Saturday, January 24, 2004
I was ten year-old when one day I asked my father "Why should we love our country?" and "Why should we be proud of it?" After all, Iran didn't have any thing to offer me as a child except a feeling of shame. Every summer, on our way to Shiraz (my parents' native city) we just could see poor people, dirty toilets, and ugly cities -ruined and devastated. How could I be proud of such a place? The whole experience of my "vatan" (homeland) was in such a contrast with what I used to see on the television about the rest of the world: "Khaarej" (meaning abroad) was a place where everything was clean and right, somewhere that made you able to be proud of it, but unfortunately couldn't accept me as a member.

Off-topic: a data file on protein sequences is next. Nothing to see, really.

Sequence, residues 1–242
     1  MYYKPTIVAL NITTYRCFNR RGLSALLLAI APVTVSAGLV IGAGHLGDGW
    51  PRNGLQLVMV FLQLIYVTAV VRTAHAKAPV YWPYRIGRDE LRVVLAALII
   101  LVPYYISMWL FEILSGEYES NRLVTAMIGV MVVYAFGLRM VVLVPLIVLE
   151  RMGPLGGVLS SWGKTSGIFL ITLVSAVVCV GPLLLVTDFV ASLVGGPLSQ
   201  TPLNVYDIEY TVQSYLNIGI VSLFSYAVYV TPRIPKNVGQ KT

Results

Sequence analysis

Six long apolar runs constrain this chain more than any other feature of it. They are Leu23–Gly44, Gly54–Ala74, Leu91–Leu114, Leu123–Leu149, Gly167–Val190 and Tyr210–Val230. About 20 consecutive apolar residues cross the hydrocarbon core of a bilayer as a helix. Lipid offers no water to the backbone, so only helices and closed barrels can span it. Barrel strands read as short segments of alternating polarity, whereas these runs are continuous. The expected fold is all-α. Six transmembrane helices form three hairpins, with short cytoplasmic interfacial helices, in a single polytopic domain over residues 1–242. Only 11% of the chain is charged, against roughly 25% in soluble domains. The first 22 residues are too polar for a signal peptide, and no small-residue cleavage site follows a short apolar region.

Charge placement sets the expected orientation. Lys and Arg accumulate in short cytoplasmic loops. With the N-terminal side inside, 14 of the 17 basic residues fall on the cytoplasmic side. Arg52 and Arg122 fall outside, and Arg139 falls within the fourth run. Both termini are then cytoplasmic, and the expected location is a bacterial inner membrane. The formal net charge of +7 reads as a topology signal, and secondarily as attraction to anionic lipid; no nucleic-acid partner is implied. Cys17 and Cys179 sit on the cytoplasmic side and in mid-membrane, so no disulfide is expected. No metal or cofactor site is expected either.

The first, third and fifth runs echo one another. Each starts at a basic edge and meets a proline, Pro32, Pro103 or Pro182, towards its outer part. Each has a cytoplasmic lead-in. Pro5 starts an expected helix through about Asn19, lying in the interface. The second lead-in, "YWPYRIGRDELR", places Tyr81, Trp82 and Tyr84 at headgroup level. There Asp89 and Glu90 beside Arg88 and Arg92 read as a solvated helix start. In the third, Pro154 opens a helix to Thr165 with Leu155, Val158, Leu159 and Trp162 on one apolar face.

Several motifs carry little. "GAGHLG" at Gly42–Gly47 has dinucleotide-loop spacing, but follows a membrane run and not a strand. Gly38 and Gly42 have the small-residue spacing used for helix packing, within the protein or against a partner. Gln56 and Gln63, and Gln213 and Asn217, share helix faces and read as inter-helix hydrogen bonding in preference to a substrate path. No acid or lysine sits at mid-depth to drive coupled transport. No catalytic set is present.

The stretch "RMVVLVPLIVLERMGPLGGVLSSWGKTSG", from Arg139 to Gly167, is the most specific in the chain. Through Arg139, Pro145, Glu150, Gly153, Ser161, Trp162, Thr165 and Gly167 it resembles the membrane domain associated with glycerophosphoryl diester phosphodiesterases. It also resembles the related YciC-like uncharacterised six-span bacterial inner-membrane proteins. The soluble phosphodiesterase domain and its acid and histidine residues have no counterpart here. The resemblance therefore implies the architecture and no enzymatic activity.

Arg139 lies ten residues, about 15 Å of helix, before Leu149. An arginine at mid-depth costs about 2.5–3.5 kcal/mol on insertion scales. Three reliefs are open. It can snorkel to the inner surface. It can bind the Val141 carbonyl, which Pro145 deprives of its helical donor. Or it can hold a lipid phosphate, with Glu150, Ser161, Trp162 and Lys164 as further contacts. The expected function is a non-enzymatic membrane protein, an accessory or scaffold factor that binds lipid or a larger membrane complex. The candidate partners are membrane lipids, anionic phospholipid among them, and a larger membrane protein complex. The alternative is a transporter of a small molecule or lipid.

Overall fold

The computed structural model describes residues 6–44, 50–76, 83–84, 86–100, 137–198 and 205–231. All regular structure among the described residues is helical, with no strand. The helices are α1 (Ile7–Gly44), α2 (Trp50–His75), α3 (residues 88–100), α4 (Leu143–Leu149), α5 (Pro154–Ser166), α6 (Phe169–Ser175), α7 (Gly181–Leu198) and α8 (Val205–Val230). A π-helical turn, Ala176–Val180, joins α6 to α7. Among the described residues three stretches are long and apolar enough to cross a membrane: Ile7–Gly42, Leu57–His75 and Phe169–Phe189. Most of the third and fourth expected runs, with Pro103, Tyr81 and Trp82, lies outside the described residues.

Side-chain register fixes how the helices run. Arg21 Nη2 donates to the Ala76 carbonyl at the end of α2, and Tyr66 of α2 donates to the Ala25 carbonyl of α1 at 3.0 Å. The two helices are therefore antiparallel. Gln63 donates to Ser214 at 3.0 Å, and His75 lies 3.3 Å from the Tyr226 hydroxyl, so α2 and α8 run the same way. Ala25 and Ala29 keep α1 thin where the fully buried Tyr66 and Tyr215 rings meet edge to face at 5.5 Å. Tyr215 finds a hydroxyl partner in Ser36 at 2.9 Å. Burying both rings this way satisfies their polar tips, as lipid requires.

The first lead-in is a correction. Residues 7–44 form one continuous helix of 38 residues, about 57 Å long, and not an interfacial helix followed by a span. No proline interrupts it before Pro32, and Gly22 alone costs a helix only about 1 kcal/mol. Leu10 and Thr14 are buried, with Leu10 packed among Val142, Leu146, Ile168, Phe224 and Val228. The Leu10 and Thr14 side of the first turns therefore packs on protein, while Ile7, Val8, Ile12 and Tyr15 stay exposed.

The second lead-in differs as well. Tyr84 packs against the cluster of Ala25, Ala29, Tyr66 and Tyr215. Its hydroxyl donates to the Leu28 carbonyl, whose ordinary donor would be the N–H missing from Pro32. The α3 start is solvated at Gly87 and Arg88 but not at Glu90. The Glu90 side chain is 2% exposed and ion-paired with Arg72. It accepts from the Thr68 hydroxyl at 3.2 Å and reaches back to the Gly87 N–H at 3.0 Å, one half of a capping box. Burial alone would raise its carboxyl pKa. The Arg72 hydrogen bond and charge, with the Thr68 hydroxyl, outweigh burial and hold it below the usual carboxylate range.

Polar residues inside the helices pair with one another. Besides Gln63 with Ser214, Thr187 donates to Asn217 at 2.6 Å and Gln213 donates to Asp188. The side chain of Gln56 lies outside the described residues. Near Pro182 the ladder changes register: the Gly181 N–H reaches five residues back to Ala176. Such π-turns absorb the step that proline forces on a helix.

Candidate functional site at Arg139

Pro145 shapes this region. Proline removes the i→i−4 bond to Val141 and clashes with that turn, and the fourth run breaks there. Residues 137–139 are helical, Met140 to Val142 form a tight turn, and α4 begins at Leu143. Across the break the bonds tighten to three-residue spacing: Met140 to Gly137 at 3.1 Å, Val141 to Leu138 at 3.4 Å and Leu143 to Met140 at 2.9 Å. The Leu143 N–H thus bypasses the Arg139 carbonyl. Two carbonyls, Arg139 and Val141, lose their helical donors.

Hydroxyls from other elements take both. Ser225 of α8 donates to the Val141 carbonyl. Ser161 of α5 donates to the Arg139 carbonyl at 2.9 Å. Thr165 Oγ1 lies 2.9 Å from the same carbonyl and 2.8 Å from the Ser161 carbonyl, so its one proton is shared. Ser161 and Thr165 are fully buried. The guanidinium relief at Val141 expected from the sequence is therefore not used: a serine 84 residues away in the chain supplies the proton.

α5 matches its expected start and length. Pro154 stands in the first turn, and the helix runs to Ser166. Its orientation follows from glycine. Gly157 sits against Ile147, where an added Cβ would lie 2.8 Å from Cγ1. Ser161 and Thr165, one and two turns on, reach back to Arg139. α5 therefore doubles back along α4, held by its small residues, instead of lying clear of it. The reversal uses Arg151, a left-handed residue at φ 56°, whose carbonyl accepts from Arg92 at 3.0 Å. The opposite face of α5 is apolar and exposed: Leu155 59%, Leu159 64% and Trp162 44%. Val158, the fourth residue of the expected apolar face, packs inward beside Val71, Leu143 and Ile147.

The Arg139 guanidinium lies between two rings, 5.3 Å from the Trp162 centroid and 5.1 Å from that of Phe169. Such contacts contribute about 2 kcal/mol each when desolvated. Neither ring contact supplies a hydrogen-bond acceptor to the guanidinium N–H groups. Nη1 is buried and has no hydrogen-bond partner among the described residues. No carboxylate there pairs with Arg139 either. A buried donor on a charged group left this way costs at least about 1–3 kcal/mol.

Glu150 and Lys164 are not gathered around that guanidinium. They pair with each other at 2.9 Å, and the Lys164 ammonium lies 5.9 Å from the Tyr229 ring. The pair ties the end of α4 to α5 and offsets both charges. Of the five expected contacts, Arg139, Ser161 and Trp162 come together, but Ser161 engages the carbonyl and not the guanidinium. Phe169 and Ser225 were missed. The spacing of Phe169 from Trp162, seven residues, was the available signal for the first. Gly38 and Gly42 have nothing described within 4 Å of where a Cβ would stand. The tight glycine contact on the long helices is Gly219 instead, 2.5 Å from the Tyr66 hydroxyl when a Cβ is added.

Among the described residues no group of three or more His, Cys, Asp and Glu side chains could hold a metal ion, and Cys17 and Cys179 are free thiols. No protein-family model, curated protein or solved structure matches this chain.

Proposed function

Quarter a century later I still see that inferiority complex about "Khaarej" in my country's young generation. In this 25 years I developed a love for Iranian culture, began to see how stupid the race-based patriotism and nationalism is and how it differs from the love for the culture you are raised in. But how the Iranian young generation of today can overcome the feeling of inferiority and accept himself/herself as Iranian? With the erosion of religion as a solution to the problems of Iranian nation, I see nationalism as the next danger whose shadow is coming forward from this dark landscape of Iranian politics.
Photo by: Hengameh Golestan